Here is a streamed revision presentation on aspects of micro finance and fair trade as part of a course on development economics.read more...»
Jonny Clark has beaten me to it with his blog about today's news about the Living Wage - there is a rich seam of resources here for issues for study around poverty and inequality. The concept has high level support - hailed by Boris Johnson as it is "....not only morally right, but (it)makes good business sense too." and endorsed by Ed Miliband as " A really important idea". I would like to add a trio of items from the BBC website which could add evidence to student analysis - particularly as Nov 4th-10th is designated Living Wage Week , so this could make a timely topic on the return from half term!
You might see a raft of stories out today regarding the latest report from KPMG on the number of people within the UK who would appear to be earning below the identified 'Living Wage' in the UK. The rate of this living wage is higher than the statutory minimum wage (£7.30 per hour for those outside of London compared to standard £6.19 per hour n.m.w.) and attempts to set a rate at which people can earn enough to pay for the basic cost of living. The report states that approximately 1 in 5 people in the UK earn below the Living Wage (with the situation varying around the UK) and this is an increase on the number who were below the threshold during the last audit. The Independent includes the image above and gives a brief (if slightly politicised) summary. The Living Wage and National Minimum wage are good indicators for students giving responses on relative poverty. A good exercise might be to ask students why there is a difference between the two standards or use the information and graphics here to determine why there are wage differentials for the jobs outlined above. If you want to give your students some extended work you might like to get them to read the document below which attempts to explain and give rationales with regards to the calculation of the Living Wage or get them to have a look at the Living Wage website which shows what the campaign is trying to achieve.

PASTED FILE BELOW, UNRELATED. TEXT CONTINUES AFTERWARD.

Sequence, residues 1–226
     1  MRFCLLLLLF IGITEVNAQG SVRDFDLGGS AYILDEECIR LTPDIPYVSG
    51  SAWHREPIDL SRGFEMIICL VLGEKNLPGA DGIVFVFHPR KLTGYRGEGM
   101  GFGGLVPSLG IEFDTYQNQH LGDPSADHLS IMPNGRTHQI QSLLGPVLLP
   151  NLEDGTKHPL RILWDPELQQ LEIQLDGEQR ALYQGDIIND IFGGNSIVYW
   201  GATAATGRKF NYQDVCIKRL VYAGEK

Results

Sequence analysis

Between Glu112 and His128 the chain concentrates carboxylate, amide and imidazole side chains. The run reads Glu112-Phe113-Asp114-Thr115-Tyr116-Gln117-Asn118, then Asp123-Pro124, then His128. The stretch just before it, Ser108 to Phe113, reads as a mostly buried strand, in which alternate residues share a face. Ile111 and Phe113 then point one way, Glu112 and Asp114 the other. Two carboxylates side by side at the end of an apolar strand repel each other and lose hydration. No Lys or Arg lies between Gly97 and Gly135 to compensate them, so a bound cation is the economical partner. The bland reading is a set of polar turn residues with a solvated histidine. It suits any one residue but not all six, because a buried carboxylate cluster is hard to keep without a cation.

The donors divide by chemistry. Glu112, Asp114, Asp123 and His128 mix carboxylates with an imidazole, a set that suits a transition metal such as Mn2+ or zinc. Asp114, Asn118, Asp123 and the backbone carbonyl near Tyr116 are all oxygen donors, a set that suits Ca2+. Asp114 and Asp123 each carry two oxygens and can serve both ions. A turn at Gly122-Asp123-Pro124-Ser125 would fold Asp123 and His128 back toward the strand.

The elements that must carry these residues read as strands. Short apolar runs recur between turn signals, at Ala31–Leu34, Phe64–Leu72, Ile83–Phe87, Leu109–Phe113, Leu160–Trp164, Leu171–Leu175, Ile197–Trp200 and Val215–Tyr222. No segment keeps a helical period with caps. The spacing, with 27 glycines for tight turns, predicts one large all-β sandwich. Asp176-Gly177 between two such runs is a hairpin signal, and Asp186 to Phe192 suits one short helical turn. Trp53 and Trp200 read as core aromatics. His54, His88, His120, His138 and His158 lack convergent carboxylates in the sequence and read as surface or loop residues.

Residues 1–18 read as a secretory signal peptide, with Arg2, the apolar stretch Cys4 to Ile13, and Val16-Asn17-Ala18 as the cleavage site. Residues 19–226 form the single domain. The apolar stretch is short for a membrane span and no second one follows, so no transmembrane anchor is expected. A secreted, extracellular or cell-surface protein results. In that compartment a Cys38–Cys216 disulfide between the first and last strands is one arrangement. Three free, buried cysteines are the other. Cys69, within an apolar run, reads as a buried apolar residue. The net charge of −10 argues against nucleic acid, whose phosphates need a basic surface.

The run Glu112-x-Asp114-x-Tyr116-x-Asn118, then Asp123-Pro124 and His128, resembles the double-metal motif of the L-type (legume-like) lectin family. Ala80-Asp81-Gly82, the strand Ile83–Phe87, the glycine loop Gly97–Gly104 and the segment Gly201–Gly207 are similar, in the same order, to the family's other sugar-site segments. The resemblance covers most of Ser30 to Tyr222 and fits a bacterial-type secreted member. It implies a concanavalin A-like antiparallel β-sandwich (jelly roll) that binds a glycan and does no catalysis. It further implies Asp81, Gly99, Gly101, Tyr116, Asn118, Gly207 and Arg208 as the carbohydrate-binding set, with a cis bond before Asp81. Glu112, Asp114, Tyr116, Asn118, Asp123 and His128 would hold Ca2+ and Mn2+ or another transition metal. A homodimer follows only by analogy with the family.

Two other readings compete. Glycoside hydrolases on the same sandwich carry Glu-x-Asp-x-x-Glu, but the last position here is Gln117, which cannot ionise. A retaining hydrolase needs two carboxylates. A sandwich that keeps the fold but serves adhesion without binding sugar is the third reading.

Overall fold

Today I went to a fascinating and very thought-provoking lecture from Kate Raworth, a Senior Researcher for Oxfam GB. She introduced the audience to the idea of doughnut economics, and certainly convinced me about the usefulness of this very elegant and accessible development economics theory. I can't wait to share it with my classes when we're discussing sustainable development next year!